Using natural areas and empowering women to buffer food security and nutrition from climate shocks: Evidence from Ghana, Zambia, and Bangladesh
As climate change makes precipitation shocks more common, policymakers are becoming increasingly interested in protecting food systems and nutrition outcomes from the damaging effects of droughts and floods (Wheeler and von Braun, 2013). Increasing the resilience of nutrition and food security outcomes is especially critical throughout agrarian parts of the developing world, where human subsistence and well-being are directly affected by local rainfall. In this study, we use data from Feed the Future datasets from Ghana, Zambia, and Bangladesh to examine the impact of precipitation extremes on food security as well as the role of natural land cover and women’s empowerment in creating resilience. We first model the effects of extreme rainfall on indicators of nutrition and food security, and then examine whether women’s empowerment and environmental land cover types can dampen the effects of rainfall shocks on these food security and nutrition outcomes. Our results find that there is a strong association between extreme precipitation and household hunger. Further, they suggest that in certain contexts land cover types providing ecosystem services can reduce household hunger scores, that empowering women can mitigate the effects of precipitation shocks, and that there may be an interactive effect between ecosystem service availability and women’s empowerment.
The team processed the Feed the Future baseline and interim datasets for Zambia, applying standard processing methods to enhance their accessibility, interoperability, and comparison with other FTF datasets. This work entailed standardization of variable names and labels, the creation of derived socio-economic indicators such as dietary diversity scores, household dependency ratios, and household age and gender composition variables. Moreover, the provision of household GIS coordinates (offset for confidentiality purposes) would allow users to match data at different levels. The team used and processed the Rural Agricultural Livelihood Survey (RALS) 2012 and 2015, although the dataset at the unit-level cannot be shared as of yet pending confirmation of the data sharing agreements with the data provider.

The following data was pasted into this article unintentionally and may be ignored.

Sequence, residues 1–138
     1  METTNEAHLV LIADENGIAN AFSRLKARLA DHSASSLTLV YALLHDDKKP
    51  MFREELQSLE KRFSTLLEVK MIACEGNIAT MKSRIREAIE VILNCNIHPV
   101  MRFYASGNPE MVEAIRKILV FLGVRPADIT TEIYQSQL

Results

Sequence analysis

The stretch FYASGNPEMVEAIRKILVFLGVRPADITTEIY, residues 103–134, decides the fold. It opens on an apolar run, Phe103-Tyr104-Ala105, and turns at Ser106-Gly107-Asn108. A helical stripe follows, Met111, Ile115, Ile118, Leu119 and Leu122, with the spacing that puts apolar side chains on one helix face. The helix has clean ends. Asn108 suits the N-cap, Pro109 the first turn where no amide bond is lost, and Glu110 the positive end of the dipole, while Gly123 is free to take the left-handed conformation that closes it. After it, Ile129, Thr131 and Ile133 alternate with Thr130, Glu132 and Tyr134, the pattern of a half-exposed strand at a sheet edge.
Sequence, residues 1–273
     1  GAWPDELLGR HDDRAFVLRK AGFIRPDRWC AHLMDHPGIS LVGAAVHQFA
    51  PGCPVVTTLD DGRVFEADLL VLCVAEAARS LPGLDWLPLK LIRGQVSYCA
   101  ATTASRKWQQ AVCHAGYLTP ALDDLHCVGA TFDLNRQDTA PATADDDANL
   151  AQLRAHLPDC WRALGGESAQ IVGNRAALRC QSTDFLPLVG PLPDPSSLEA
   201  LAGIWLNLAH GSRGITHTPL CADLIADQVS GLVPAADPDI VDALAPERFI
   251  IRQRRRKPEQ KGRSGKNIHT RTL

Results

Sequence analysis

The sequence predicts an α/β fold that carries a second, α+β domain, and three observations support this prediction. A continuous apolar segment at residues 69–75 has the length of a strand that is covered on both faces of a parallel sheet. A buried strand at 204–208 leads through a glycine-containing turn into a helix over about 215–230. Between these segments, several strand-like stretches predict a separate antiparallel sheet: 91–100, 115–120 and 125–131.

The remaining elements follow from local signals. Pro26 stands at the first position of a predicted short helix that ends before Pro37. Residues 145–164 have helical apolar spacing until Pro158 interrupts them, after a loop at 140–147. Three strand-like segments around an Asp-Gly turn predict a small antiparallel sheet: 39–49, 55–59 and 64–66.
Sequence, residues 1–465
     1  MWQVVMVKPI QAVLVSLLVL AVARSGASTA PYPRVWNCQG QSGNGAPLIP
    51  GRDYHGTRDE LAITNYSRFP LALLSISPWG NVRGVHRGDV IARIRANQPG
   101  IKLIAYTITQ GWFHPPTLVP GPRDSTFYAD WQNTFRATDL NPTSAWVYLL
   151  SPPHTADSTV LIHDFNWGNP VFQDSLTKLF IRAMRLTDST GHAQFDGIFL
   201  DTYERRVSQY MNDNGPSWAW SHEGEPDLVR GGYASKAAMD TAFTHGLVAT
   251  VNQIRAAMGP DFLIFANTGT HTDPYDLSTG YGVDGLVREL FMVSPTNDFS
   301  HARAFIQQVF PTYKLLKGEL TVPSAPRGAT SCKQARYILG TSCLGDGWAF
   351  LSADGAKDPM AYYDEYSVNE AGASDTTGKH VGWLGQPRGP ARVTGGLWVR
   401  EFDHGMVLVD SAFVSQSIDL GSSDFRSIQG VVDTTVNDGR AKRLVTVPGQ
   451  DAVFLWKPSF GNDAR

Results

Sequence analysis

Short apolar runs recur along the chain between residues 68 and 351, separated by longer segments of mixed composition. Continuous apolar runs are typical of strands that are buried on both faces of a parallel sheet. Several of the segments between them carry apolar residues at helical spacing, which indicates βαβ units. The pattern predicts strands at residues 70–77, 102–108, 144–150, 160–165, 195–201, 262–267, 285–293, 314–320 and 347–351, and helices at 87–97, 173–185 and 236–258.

Climate change is a substantial threat to sustainable development in Zambia, a country experiencing weather hazards, drought and dry spells, seasonal and flash floods, and extreme temperatures that may well increase under climate change. Achieving the goals of Feed the Future and the Global Food Security Strategy requires careful consideration of the impact of relevant climate science on agricultural production, while at the same time considering other cross-cutting issues that influence agriculture-led poverty alleviation, resilience, and nutrition—such as gender. This policy note summarizes assessments of these linkages for Zambia under GCAN.
During a week-long visit in Zambia in November 2016, the GCAN team presented key climate-gender-nutrition linkages to the USAID Mission. Productive discussions took place between the GCAN team and USAID Mission staff on priorities and potential research topics that would inform USAID's programming in Zambia. The GCAN team also met with local implementing partners and stakeholders to gather information on current initiatives related to climate-gender-nutrition linkages in Zambia. GCAN presentation to Zambia USAID Mission slide deck